The Unsaved – Pulled From The Rubble
These were just a few of the stories concerning the hundreds who lost their lives on a day that started out sunny, celebratory and full of promise. No one in Szombathely could have expected, let alone believed, that terror would rain down from the skies with such swift and sure destruction. By the time citizens began to sift through the carnage a light snow had begun to fall. This provided a natural shroud of death over the hellish scene, just as debris provided an artificial one. Victims were pulled from the rubble and bodies laid out along the sidewalks of Szombathely. The bombers were headed back to their respective bases. In a few days they would do the same thing again to a different city. The war would end soon. Unfortunately, it had not ended soon enough to save Szombathely.

Click here for: A Triumph of Determination – A Cathedral Restored, A People Unreconstructed: The Bombing Of Szombathely (Part 3)

American Shadows  – The Bombing Of Szombathely: Explosive Effects (Part One)

Walking around Szombathely I fell under the mad impression that I was the first American to discover this wonderful little city. That later in life I would be the one reporting back to a blissfully ignorant world on its wonders, exposing all of its secrets to the masses. Such micro-megalomania made me feel my visit was much more important than it actually was. This self-indulgent spirit of personal revelry would not survive first contact with reality. In truth, I was a lone American traveler following the advice of a guidebook. I was being led around by a handful of printed pages to sights that many would find interesting, but few of my countrymen would ever visit. For that matter, I wondered if any of my countrymen had ever visited Szombathely.

This was a ridiculous conceit. Surely Americans in foreign exchange programs had come here, as well as Americans of Hungarian descent whose ancestors had headed across the Atlantic a century ago. They would likely have visited to finally see the distant land where not so distant relatives had come from. Nonetheless, in my mind I was the only American to come here. This foolish pride did not last very long, as I soon discovered that Americans had affected the history of Szombathely much more than I ever could have imagined.

Szombathely Cathedral

Szombathely Cathedral today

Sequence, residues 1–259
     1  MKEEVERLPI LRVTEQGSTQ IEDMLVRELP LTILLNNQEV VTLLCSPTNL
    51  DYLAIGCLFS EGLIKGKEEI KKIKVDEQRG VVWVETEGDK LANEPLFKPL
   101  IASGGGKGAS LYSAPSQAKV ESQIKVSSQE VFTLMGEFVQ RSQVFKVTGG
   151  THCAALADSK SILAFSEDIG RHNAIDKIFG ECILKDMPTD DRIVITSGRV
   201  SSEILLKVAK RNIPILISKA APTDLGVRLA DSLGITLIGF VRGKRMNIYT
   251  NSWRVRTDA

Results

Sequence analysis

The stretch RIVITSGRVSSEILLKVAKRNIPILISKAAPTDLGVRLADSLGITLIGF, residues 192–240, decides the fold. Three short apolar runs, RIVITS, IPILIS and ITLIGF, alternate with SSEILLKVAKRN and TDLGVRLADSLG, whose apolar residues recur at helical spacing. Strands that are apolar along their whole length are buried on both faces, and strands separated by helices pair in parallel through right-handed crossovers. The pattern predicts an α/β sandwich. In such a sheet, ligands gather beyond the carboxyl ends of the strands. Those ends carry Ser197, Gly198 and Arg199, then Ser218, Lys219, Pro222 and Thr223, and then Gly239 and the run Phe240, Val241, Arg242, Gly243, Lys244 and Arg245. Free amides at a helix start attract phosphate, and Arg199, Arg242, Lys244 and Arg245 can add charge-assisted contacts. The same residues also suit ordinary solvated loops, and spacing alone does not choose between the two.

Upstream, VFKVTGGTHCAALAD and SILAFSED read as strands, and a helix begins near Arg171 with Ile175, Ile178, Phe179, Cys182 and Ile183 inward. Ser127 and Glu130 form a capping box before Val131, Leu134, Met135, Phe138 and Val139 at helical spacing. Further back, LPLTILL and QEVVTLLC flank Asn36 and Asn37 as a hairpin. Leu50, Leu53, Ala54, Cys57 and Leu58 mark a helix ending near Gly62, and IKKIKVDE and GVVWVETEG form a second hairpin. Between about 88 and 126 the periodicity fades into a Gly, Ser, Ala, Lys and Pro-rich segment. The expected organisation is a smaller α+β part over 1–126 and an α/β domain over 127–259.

A Journey Back In Time –Hell On A Heavenly Day
It was only a short phrase within a single sentence of The Rough Guide To Hungary, but that was all I needed to start a journey backward in time that led to April 4th, 1945. The sentence stated, “Unfortunately, its (Szombathely Cathedral) exuberant frescoes by Maulbertsch were destroyed by US bombing in the last months of World War II and painstaking structural restoration has stopped short of recreating his work.” The phrase “destroyed by US bombing in the last months of World War II” caught my interest. This was my initial introduction to the Cathedral, a deceivingly slender looking Baroque-Classicist styled multi-story structure that stood on the same spot where a Roman forum was once located. Christianity in Szombathely had been taken to new heights with the construction of this cathedral in the late 18th and early 19th century. The original version of the Cathedral had stood up until the final months of World War II, when all hell broke loose on what had started out as a heavenly day.

By all accounts the first Sunday of March 1945 began cloudless and sunny in Szombathely. The air had a bit of winter nip to it, but the weather was beautiful unlike the political climate. World War II was in its final furious phase. By this point in the war Szombathley had suffered both human and structural damage.  The year before, the entire Jewish population of the city had been deported to concentration camps. The city had also been struck by multiple Allied bombing raids. By the end of the war, the total number of raids would number eighteen, but the one that would be most remembered occurred on March 4th. This was a special day for the city’s large Catholic community. Nearly six years to the day, Pope Pius XII’s coronation had taken place. Now the Szombathely Cathedral was hosting hundreds at “A Celebration of the Anniversary of the Pope Pius XII.” A High Mass presided over by a Bishop would take place at 10:00 a.m. The day would turn out to be a memorable one, but for all the wrong reasons.